N2 - If internationalisation was the persistent theme of the 1990s for universities in the Asian region, globalisation, with an explicit emphasis on the commercialisation of education, is the trend of the current decade. This special issue examines the internationalisation and globalisation of higher education in the region from a number of perspectives. Three of the articles (Mok, Lee and Gopinathan, and Yonezawa) were originally presented at the International Symposium on Globalisation and Educational Governance Change in East Asia conducted at the City University of Hong Kong in June 2002. These articles report the new forms of governance and governance philosophies that have emerged in order to maintain the competitiveness of modern Asian nations. Throughout the region, governments are adapting to radical changes in their environments by turning to forms of public sector steering which focus on central co-ordination and institutional self-governance. Networks and partnerships supplant hierarchical command and control; in the delivery of services, public authority is being shared between governments and with nongovernment enterprises. Maximising public welfare by promoting enterprise, innovation and profitability in both the private and public spheres is now the norm.

AB - If internationalisation was the persistent theme of the 1990s for universities in the Asian region, globalisation, with an explicit emphasis on the commercialisation of education, is the trend of the current decade. This special issue examines the internationalisation and globalisation of higher education in the region from a number of perspectives. Three of the articles (Mok, Lee and Gopinathan, and Yonezawa) were originally presented at the International Symposium on Globalisation and Educational Governance Change in East Asia conducted at the City University of Hong Kong in June 2002. These articles report the new forms of governance and governance philosophies that have emerged in order to maintain the competitiveness of modern Asian nations. Throughout the region, governments are adapting to radical changes in their environments by turning to forms of public sector steering which focus on central co-ordination and institutional self-governance. Networks and partnerships supplant hierarchical command and control; in the delivery of services, public authority is being shared between governments and with nongovernment enterprises. Maximising public welfare by promoting enterprise, innovation and profitability in both the private and public spheres is now the norm.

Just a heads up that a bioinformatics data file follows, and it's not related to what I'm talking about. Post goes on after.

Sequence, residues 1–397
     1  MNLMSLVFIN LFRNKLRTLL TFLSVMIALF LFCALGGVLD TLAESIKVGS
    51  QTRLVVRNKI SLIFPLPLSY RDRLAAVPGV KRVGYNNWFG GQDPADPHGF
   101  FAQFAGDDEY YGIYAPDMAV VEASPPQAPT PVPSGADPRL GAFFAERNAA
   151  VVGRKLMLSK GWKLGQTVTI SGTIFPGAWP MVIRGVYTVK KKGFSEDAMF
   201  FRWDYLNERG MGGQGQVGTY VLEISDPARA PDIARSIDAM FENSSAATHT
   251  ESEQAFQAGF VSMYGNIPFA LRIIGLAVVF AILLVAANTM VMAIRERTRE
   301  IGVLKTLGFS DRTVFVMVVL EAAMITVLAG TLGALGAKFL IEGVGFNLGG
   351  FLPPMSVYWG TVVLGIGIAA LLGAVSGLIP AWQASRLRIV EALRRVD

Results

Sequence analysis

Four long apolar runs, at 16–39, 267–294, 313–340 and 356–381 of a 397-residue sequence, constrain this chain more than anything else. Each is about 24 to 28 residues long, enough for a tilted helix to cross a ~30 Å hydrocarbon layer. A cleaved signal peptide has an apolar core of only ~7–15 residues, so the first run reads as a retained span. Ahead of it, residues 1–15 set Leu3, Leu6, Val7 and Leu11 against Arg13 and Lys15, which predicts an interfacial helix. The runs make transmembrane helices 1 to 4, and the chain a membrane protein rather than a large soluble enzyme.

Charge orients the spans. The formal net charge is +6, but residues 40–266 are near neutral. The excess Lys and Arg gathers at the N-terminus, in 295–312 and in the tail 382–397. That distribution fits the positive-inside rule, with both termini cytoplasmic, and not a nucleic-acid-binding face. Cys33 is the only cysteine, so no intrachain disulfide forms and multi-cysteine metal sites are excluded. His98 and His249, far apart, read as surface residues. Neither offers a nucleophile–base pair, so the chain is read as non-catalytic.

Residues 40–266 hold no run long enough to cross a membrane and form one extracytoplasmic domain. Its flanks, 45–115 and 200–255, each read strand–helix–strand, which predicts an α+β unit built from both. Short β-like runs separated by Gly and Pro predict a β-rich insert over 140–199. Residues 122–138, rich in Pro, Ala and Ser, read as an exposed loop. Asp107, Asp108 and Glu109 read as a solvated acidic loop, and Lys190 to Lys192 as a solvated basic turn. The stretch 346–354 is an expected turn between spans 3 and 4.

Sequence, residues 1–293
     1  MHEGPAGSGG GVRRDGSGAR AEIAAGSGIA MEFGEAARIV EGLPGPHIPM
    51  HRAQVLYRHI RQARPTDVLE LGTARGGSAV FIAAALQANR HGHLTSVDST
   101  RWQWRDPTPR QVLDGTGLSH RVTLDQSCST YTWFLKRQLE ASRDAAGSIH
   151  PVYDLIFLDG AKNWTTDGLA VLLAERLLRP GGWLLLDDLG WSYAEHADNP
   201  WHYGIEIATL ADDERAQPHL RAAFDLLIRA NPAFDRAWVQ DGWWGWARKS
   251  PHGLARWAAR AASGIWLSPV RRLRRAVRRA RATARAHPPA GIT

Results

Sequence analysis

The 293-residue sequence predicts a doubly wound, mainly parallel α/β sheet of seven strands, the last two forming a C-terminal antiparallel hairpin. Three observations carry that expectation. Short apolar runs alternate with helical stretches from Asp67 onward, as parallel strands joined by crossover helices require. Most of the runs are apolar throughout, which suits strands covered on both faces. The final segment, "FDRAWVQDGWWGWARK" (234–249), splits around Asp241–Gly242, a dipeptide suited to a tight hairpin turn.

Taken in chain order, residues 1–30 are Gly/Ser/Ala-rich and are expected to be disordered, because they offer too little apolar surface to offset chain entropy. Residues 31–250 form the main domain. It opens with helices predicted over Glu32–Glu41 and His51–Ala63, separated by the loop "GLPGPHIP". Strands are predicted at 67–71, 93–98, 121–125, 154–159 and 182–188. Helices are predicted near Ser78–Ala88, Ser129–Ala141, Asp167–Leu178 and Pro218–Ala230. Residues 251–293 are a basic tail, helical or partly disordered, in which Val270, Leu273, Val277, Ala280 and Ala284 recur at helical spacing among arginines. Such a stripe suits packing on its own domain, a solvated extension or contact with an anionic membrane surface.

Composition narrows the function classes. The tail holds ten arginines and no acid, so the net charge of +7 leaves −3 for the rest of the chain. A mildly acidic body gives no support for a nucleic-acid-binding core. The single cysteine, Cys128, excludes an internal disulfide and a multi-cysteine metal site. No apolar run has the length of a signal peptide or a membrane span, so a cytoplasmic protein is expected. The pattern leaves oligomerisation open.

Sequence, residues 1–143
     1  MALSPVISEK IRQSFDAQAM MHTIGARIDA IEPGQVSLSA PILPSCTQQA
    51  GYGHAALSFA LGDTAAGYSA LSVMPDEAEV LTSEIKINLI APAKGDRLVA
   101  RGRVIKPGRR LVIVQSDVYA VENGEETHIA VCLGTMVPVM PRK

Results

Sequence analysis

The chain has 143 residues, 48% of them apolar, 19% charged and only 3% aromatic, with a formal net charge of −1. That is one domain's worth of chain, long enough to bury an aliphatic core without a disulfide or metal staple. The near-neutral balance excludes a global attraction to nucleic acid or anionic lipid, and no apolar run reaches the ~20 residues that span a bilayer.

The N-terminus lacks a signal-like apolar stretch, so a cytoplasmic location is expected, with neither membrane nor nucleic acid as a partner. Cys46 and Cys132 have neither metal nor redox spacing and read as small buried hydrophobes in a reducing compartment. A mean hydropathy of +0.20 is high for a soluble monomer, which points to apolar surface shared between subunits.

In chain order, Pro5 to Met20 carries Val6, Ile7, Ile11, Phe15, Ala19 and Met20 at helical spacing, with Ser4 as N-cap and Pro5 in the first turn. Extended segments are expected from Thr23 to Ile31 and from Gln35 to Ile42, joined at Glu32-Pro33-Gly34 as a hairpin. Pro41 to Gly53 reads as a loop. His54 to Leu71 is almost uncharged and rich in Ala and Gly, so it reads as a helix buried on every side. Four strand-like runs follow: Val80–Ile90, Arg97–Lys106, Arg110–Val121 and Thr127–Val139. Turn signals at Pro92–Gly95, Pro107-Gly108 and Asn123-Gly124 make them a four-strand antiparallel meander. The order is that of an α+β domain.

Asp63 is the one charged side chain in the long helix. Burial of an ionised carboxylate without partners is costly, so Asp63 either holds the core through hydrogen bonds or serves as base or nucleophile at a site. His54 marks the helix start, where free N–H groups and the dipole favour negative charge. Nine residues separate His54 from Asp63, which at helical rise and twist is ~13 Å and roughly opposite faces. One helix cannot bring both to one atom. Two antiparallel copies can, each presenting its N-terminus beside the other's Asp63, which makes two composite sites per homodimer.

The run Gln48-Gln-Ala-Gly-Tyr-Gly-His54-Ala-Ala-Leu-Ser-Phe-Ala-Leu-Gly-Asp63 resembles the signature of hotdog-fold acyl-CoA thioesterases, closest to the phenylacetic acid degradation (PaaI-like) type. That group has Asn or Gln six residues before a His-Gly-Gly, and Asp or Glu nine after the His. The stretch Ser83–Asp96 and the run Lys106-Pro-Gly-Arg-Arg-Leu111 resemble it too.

UR - http://commons.ln.edu.hk/sw_master/1412

U2 - 10.1080/07294360304112

DO - 10.1080/07294360304112

M3 - Editorial/Preface (Journal)

VL - 22

SP - 115

EP - 116

JO - Higher Education Research and Development

JF - Higher Education Research and Development

SN - 0729-4360

IS - 2

ER -